With a total running time of over four hours, it was decided that Kill Bill, Quentin Tarantino’s eclectic homage to everything from the golden era of Hong Kong Kung-Fu cinema to Sergio Leone-style spaghetti westerns, was to be cut into two halves. Kill Bill: Vol. 1 focuses more on the martial art genre (the dusty, lazy vibes of the small-town south come to the fore in Part 2), and boasts enough veteran actors and references to make your head spin (unless you know nothing about these genres, in which case they will blow right over your head).
The opening scene hints at the violence to come; the sleepy tones of Nancy Sinatra play as we are introduced to The Bride, a blood-spattered and heavily pregnant Uma Thurman who is shot on her wedding day. Through a series of ˜chapters’ jumping back and forth, we discover that the Bride was once part of the eponymous Bill’s Deadly Viper Assassination Squad (or D.I.V.A.S to you and me,) but eventually found herself the target of one their assassination attempts when she tried to quit the team. The Bride survived a bullet to the head however, and after waking up from a four year coma, finds herself unable to walk, childless and ready for revenge.
One thing is certain: Kill Bill: Vol. 1 has a lot of style. The Bride’s world is one where assassins with superhero-like powers can show up in suburbia, or challenge the boss of the Tokyo underworld, seeking samurai-sword wielding and blood-spurting payback. The colours “lead by the Bride’s bright yellow jumpsuit- pop like those in a comic strip, and Tarantino uses everything from the specific type of blood used by the martial art filmmakers of the sixties and seventies, to an anime-style interlude, to pay tribute to the Kung-Fu movie tradition. But for the layperson, who has not watched every movie Tarantino has ever seen, the substance behind the style may feel confusingly absent and the viewer is often left with the feeling that they are missing a joke that only the director is in on.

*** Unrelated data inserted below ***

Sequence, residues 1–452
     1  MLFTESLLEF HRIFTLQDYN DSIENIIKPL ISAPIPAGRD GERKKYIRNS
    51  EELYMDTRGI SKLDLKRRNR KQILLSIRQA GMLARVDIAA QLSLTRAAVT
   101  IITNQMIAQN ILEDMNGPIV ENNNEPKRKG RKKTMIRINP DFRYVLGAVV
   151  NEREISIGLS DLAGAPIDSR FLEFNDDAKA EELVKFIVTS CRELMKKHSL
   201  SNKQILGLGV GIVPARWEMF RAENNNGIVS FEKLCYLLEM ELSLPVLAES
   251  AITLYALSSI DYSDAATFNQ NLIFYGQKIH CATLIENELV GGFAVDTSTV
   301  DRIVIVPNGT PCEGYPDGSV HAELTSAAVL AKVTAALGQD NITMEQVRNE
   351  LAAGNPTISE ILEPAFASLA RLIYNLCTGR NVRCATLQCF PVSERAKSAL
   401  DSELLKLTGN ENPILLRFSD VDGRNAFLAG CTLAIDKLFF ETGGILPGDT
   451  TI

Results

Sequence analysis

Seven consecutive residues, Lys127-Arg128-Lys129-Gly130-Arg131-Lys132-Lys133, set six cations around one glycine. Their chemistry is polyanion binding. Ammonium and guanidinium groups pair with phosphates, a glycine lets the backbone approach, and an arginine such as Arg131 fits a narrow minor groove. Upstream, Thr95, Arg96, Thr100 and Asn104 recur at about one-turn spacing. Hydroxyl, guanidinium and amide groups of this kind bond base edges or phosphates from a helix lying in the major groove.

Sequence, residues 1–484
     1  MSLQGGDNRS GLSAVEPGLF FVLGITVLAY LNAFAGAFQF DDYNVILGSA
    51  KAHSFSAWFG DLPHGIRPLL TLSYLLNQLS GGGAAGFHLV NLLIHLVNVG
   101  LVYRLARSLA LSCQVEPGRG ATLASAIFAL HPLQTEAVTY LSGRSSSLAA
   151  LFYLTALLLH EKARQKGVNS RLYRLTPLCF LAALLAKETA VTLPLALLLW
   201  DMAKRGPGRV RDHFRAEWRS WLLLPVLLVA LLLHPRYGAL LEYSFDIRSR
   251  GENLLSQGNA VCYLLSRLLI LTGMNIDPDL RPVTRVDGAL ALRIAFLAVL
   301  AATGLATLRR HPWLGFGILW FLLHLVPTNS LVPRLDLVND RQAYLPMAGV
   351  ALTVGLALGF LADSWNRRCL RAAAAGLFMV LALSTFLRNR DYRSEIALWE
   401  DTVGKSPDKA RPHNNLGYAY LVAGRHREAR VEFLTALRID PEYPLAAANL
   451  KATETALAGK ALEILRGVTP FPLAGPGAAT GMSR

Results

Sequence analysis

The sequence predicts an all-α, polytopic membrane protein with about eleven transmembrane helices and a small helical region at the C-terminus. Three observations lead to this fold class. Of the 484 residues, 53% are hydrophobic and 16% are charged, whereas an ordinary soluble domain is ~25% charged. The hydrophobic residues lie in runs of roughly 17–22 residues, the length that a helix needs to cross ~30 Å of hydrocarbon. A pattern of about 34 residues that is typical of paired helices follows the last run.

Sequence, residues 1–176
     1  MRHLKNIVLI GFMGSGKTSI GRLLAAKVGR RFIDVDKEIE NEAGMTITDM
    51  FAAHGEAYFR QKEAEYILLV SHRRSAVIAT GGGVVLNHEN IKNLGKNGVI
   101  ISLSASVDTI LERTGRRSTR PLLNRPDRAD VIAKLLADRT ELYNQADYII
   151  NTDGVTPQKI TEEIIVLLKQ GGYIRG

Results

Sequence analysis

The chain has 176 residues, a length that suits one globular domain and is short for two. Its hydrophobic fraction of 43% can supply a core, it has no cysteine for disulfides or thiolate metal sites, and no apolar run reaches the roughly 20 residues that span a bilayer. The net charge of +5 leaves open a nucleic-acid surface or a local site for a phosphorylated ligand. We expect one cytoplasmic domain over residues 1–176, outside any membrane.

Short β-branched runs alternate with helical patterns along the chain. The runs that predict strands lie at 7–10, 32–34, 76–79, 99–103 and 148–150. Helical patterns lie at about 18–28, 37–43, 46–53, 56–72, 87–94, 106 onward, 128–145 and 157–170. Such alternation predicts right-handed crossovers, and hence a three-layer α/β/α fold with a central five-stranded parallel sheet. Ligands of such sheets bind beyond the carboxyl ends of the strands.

However, the calibre of the all-star cast more than makes up for these pitfalls. Audiences are given the opportunity to see some of the best-loved actresses working today at their cold, calculating and ruthless best. But while Lucy Liu, Daryl Hannah and Vivica A. Fox are the epitome of badass, by comparison Thurman’s The Bride leaves an ambivalent taste in the mouth and leaves us wondering why she is the Queen badass of them all. It is disappointing that Thurman, who displayed so much charisma as gangster moll Mia Wallace, (complete with iconic bob and a cigarette dangling between her black nails) could come across so lacklustre in the role which was literally dreamt up between herself and Tarantino during a late night chat in the middle of filming Pulp Fiction.
And then there’s Kill Bill‘s approach to violence. The scene where The Bride executes eighty-eight (or there about) bodyguards in quick succession, is so bloody that it infamously only the made it to cinema screens because it was shot in black and white. Tarantino has a talent for mixing the mundane and the extremely violent, which made the crime underworlds in Pulp Fiction and Reservoir Dogs seem appropriately surreal and far removed from our own world. But the ˜Crazy 88′ slaughter sequence and a gruesome scene involving an unconscious Bride, an opportunist orderly name Buck and a tub of well-used Vaseline, are so over the top they may prove unpalatable for viewers who enjoyed even the most uncomfortable scenes in Tarantino’s previous films.
Kill Bill Vol. 1 is not anchored in reality but in Tarantino’s own desire to indulge his fantasies. Which is fine. Tarantino himself has acknowledged that, ˜I’m making movies for me. Everyone else is along for the ride.’ So if you’re the kind of viewer that likes the films Tarantino likes, then Kill Bill Vol. 1 is the film for you. If not, you might want to pick something else.